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Consumer Duties in Insurance Under Scrutiny

The Central Bank of Ireland recently issued an expectations letter relating to consumer protection to life insurance companies. Our Financial Regulation team reviews the findings of a recent thematic review of Unit Linked Single Investment Products, and explains its significance for the life assurance sector.

The Central Bank of Ireland (CBI) sent a “Dear CEO” letter titled: “Thematic Review on the Ongoing Suitability of Long-Term Life Assurance Products” to the life assurance industry in early August 2023. In the Letter, the CBI detailed its findings following a recent thematic review it conducted on Unit Linked Single Investment Products.

We provide a brief overview of the findings from the CBI Review and its expectations for the life assurance sector.

The main objective of the Review was to assess and understand the structures and processes that exist within life insurers. It also aimed to evaluate the wider life assurance sector to ensure that consumers receive an appropriate level of protection and that their best interests are protected.


The Review was conducted over two phases and comprised of engagement with five of the main domestic life insurers and a sample of intermediaries.

Key findings

  • Distribution Arrangements and Periodic Reviews: The Review highlighted that insurers may not be assessing their product range often enough to be able to identify when a product has become less suitable, or entirely unsuitable, for its customers.
  • Ongoing Responsibilities: Where there are other entities involved, eg intermediaries, banks, etc., the CBI identified that there was a risk that ongoing suitability assessment may be overlooked. This risk may be due to a lack of clarity relating to the allocation of responsibilities between the insurer and the other entities concerned.
  • Continuity of Service: The Review found that when an intermediary has exited the market but not sold/transferred its book of business to another intermediary, the ongoing responsibility for their “orphaned clients” is generally taken on by the relevant insurer. The CBI is concerned that this market practice could give rise to a reduced level of ongoing service provided to orphaned clients, specifically regarding ensuring the suitability of their products.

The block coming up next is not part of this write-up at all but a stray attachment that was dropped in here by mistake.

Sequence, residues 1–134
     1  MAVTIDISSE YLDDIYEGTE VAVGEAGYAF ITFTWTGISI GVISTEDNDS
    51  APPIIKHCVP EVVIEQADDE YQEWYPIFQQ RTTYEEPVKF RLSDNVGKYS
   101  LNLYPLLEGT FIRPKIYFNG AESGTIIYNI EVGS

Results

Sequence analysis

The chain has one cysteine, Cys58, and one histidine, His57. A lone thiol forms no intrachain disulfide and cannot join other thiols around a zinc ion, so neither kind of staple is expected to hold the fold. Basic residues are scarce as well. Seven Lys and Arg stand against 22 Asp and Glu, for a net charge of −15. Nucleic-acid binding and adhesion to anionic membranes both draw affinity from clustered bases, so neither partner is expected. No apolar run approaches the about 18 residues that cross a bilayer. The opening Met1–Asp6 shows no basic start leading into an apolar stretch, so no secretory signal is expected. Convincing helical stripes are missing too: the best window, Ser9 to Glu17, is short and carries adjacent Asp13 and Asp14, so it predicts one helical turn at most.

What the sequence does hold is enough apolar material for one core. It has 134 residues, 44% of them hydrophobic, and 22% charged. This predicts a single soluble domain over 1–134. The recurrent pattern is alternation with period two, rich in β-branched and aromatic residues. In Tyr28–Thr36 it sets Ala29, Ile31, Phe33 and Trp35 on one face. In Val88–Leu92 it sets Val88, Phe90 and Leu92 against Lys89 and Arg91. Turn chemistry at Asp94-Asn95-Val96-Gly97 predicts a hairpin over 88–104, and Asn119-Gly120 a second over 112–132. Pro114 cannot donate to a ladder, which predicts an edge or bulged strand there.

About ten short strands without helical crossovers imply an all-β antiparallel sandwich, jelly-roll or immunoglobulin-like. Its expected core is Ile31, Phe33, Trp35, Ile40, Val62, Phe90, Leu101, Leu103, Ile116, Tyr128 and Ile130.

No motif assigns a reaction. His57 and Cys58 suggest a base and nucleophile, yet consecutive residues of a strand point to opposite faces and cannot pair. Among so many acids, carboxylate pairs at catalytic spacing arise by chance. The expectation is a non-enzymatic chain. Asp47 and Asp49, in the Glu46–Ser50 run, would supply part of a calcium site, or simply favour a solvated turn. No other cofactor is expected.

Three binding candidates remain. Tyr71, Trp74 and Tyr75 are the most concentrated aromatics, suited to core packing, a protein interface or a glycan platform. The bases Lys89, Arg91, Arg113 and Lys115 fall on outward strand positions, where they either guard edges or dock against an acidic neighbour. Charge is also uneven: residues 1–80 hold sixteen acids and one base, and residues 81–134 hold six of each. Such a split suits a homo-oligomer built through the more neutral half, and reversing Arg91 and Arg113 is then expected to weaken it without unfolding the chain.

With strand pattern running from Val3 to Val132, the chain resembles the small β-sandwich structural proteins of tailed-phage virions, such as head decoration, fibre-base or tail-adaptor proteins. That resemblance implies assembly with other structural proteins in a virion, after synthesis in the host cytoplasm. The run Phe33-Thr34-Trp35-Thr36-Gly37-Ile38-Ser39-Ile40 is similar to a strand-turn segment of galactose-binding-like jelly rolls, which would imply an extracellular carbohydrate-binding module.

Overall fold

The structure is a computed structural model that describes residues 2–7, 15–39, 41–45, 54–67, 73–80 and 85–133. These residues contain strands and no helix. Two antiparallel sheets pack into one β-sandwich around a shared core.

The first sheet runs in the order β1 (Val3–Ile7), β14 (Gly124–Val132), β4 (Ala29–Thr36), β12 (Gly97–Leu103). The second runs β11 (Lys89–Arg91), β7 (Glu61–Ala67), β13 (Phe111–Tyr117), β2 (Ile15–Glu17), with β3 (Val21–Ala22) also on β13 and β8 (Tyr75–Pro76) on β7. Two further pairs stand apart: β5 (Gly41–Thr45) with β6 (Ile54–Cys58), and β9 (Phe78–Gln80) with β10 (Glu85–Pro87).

• Information in Annual Statements: The CBI is concerned that insurers provide varying levels of information in customers’ annual statements to highlight the importance of ensuring the ongoing suitability of long-term products.
  • Access to information: Although the Review was focused on single premium bonds, the CBI expects that, where possible to do so, consumers are provided with similar access to information relating to all other savings, investment and pension products. Where it is not possible to provide similar access, the reasons why should be clearly documented, and the decision approved at an appropriate level in the insurance firm. In addition, the CBI expects that any such decision should be reviewed on a periodic basis.
  • Suitability of long-term investment funds: The CBI found that in periods where the returns on certain funds are low, the fees and charges that are still being taken from the value of the investment will further reduce any growth. This could potentially lead to an overall reduction in the fund value. This has raised concerns about the maturity of some insurers’ Consumer Protection Risk Management Frameworks.

CBI expectations

The CBI has expressed its expectation that the industry must do more to demonstrate the ongoing suitability of long-term products for consumers, including:

  • Insurers must strengthen their structures and processes to ensure that their consumers’ needs are considered on an ongoing basis, throughout the full lifetime of the product.
  • Insurers should be more proactive in encouraging and empowering their consumers to engage with their financial services provider on matters relating to their long-term policies. The CBI expects that consumers are provided with up-to-date access to their own investment and policy-related documentation.

Insurers must ensure that consumers do not remain in funds that are not appropriate for long-term investment, for a prolonged period, without valid, documented justification.


The Letter is a reminder to insurers that their responsibility extends throughout the full lifecycle of the product. As highlighted, consumer suitability for long-term investment products can change over time. This can impact how consumers are protected in the changing economic environment.

Insurers will need to objectively assess the effectiveness of their Consumer Protection Risk Management Frameworks against the requirements that are set out in the Letter and take any necessary action to ensure the CBI’s expectations are met.

If you have any questions in relation to the Letter, please contact a member of our Financial Regulation Team.

The content of this article is provided for information purposes only and does not constitute legal or other advice.

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